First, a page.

The Mighty Captain Marvel: Alien Nation

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The Mighty Captain Marvel: Alien Nation – Margaret Stohl, Ramon Rosanas, Emilio Laiso, Brent Schoonover, Ro Stein, Ted Brandt, Michael Garland, Marcio Meynz & Rachelle Rosenberg (Marvel)

Civil War II didn’t just rip the Marvel Universe apart; it also tore fandom straight down the middle as well. You were either with Tony or you were with Carol, and who you sided with shaped your attitude toward Iron Man and Captain Marvel from that point on. Me? For once, I was with Stark all the way and the autocratic stance adopted by Carol “Captain Marvel” Danvers throughout the conflict and the tragic way it ended, sealed her fate as far as I was concerned. She became persona non grata, a figure whose presence I would simply acknowledge, but beyond that, I wanted nothing to do with Captain Marvel. Which, I’ll freely admit is more than a little childish, but hey, she as good as killed Iron Man, so I figured that I was justified in taking the position that I did. Then it was announced that Margaret Stohl was going was going to write The Mighty Captain Marvel and being more than a little familiar with her work because I’ve got a teenage daughter (Stohl  is partially responsible for creating the Beautiful Creatures series), I realised that Carol and me, we weren’t quite as “done” as I thought we were.  And Alien Nation is why I begrudgingly found myself sort of warming to Captain Marvel again, feeling slightly hypocritical and almost like I’d betrayed the memory of Tony Stark. Yeah, comics and the relationships that fans develop with them are, well, they’re complicated and more often than not make next to no sense to anyone except the person actually reading the book. Like I said, it’s complicated.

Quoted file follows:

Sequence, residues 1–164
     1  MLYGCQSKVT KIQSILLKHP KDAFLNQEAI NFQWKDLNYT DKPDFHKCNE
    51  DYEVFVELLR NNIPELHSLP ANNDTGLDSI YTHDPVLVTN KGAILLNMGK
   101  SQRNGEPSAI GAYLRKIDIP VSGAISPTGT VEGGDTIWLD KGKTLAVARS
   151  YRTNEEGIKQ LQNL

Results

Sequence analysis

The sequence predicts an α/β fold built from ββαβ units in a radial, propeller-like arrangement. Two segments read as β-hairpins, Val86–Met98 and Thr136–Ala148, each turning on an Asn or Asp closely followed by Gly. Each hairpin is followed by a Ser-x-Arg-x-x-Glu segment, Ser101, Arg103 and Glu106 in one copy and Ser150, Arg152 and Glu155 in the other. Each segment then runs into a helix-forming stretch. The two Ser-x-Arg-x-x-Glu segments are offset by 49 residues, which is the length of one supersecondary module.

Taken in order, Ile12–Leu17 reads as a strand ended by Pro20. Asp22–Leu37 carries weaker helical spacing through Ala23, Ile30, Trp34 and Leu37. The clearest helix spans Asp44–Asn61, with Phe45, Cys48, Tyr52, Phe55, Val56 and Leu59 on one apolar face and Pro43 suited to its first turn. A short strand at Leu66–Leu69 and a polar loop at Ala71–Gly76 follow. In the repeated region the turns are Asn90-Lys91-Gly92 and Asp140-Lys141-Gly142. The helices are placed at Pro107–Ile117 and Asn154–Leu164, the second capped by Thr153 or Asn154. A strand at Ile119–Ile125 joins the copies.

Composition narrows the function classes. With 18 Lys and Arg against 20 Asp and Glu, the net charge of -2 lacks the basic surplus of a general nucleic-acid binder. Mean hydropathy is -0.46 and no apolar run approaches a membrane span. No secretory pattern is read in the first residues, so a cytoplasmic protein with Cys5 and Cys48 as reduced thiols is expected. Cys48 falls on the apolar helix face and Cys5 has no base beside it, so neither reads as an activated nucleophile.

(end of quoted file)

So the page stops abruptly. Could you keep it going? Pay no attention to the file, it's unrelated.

Alien Nation is the story of Carol coming to terms with her actions, and the decisions she made, during the war, how both have affected her daily life, an extra-terrestrial refugee crisis and how it directly impacts her and her powers when she stumbles across an enclave of Kree refugee children being hunted by an unknown, and always changing, enemy.  Stohl’s writing is razor sharp as her rapidly paced plot is equally balanced by her on point, erudite and witty dialogue and involving characterisation which thanks to a combination of historical perspective, interaction with those closest to her and just letting Carol be Carol, actually humanises Captain Marvel and makes her seem less like a single-minded, career driven opportunist and more like a leader driven as much by ambition and endlessly wanting to prove herself as she is by the overwhelming need and desire to do the right thing even when she thinks she’s wrong. The art is fast moving, fluid, detailed and has sense of continuous motion which adds to the stories story’s sense of urgency and velocity and is the perfect foil for Stohl’s narrative. Turns out that I’m not quite as angry with Carol Danvers as I thought I was, and if her continuing adventures are anywhere near as good as Alien Nation is, then I might just be forced to stick around for the long haul. I guess I was wrong about Captain Marvel…  Tim Cundle


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